A U.S. Law Is About To End Security Aid To The Palestinians, And Israel Is Not Happy
JERUSALEM — U.S. security funding to the Palestinian Authority is set to dry up by midnight Thursday unless a fix is found to circumvent a law designed to help American victims of terrorist attacks secure damages.
The funding cutoff would end more than a decade of assistance in a move that Israel is concerned could backfire and hurt its security.
The Anti-Terrorism Clarification Act, passed unanimously by the House and Senate last year, comes into force on Friday, leaving the Palestinian Authority open to huge lawsuits if it accepts U.S. funds. The Palestinian Authority has said it will therefore forgo receiving U.S. financing, including the $60 million that Washington provides in security assistance.
However, an Israeli official, who spoke on the condition of anonymity because of the sensitivity of the topic, said Israel is supporting efforts now underway by State Department and other Trump administration officials to find a legal fix that will “maintain security cooperation on one hand and also justice to the families of the victims of terror.”
The central concern is that the end of U.S. funding to the Palestinian security forces, including to a training program in Jordan, would erode the security capabilities of the Palestinian Authority and threaten its security coordination with Israel. Although cooperation has stopped in times of conflict, Israel and the Palestinian Authority share intelligence and coordinate on arrests.
The U.S. security funding is “the glue that has helped ensure the security coordination continues and that has successfully thwarted terrorist attacks,” said Dan Meridor, a former U.S. ambassador to Israel. The implications of the act “have alarmed the Israelis sufficiently that a week ago they went to the administration and Congress to try to find a fix.”
He said that with most of the money targeted toward training, a cutoff of funds may not have an immediate effect but would degrade the ability of Palestinian forces over time. “It is also a political signal which shows the Palestinian security forces and Palestinian people that the U.S. is no longer a partner,” Meridor said.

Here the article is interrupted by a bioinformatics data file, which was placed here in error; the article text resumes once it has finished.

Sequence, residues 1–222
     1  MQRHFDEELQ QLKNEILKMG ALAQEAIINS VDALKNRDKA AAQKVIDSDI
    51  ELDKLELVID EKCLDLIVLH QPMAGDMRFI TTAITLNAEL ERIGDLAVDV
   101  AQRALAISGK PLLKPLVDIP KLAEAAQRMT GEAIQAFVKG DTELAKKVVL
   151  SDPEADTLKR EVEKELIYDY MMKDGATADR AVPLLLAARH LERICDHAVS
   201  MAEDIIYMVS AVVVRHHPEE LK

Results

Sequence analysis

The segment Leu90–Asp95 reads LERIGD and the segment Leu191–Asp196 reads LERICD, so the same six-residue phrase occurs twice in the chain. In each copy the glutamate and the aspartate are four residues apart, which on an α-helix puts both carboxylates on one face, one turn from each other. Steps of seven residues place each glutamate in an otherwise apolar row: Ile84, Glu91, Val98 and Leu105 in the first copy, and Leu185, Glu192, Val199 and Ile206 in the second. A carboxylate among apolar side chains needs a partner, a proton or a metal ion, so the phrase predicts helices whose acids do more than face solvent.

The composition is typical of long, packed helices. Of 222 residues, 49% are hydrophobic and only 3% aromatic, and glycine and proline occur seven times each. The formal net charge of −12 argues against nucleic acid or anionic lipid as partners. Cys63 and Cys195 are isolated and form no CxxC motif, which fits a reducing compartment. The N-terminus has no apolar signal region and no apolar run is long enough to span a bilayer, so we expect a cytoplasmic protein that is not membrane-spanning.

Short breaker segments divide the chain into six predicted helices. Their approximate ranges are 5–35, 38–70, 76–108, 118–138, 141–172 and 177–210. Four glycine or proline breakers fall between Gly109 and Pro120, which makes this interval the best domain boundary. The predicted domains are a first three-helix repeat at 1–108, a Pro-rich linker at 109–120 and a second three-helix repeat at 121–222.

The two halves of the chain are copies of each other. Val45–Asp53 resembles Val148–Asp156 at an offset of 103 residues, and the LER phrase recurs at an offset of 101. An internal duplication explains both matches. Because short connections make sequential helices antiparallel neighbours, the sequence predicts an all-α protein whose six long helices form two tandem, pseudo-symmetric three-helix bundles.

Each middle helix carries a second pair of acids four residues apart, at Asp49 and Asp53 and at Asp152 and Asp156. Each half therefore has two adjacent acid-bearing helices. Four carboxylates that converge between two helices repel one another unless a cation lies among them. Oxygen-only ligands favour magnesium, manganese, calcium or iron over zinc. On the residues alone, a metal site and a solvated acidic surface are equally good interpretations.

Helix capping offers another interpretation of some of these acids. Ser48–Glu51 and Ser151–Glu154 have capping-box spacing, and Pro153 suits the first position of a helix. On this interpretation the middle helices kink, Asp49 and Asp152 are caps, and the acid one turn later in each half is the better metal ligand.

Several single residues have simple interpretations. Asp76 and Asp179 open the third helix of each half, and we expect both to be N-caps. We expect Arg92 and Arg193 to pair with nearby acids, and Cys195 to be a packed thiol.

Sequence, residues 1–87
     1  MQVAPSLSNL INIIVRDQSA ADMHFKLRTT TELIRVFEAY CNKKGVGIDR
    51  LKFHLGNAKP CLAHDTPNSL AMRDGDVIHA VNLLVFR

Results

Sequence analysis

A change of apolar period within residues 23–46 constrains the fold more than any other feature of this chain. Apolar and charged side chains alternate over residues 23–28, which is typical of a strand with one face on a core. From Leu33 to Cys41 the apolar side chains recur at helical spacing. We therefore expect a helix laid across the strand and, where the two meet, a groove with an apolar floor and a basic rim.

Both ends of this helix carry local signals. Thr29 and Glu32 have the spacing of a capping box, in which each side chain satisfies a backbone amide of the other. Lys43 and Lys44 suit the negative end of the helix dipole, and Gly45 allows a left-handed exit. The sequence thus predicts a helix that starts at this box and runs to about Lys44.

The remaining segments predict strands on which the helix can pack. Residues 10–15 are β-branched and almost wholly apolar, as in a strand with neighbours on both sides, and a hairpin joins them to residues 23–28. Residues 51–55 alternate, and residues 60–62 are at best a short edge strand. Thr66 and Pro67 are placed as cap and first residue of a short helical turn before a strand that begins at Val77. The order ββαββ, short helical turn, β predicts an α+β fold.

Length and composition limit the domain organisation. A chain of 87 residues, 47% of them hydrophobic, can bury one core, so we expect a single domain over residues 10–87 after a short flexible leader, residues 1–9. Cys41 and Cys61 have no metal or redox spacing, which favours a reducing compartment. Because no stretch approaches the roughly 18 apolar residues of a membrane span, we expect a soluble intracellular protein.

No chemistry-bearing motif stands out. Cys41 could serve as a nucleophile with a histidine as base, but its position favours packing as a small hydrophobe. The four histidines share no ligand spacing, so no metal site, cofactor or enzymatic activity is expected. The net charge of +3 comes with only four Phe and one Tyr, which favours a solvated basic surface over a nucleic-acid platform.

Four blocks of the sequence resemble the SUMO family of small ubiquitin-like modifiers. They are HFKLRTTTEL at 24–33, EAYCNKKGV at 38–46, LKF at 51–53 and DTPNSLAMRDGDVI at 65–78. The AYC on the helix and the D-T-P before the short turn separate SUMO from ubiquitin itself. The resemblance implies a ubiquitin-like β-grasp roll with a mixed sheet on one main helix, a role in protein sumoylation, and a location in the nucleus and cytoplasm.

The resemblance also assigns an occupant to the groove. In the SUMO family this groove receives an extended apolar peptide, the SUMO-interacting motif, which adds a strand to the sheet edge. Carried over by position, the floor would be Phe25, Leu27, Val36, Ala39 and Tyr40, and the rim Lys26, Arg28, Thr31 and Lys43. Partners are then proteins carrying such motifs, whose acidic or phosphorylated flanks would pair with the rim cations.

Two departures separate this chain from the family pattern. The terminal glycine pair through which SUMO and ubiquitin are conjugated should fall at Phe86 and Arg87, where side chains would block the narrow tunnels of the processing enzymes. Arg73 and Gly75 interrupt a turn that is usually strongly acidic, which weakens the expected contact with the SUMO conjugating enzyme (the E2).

The Israeli Foreign Ministry declined to comment on whether it has asked the U.S. administration to find a work-around. The U.S. Embassy also declined to comment.
The legislation was pushed by Shurat Hadin, a right-wing Israeli legal organization that has sought damages for the families of victims killed in Palestinian attacks. Nitsana Darshan-Leitner, president of the organization, described the efforts to find a way to continue funding as “outrageous.”
“The State Department is now standing against the victims,” she said. She added that she does not believe the funding cut would impact security coordination, which the Palestinian Authority has an interest in continuing to prevent Hamas, the militant organization that runs the Gaza Strip, from extending its control in the West Bank.
She said the Palestinian Authority has enough resources to make up the funding. The Palestinian National Council has already voted to stop security coordination with Israel, but has not carried through with the threat.
“If the United States and Israel are pushing to financially drain the Palestinian Authority, then what is the purpose of this authority,” said Mohammed Shtayyeh, a member of the central committee of the Palestinian Authority’s ruling Fatah Party.
The U.S. funding is “small but significant,” he said. “I’m sure of one thing, that this will affect the performance of the security forces,” Shtayyeh said.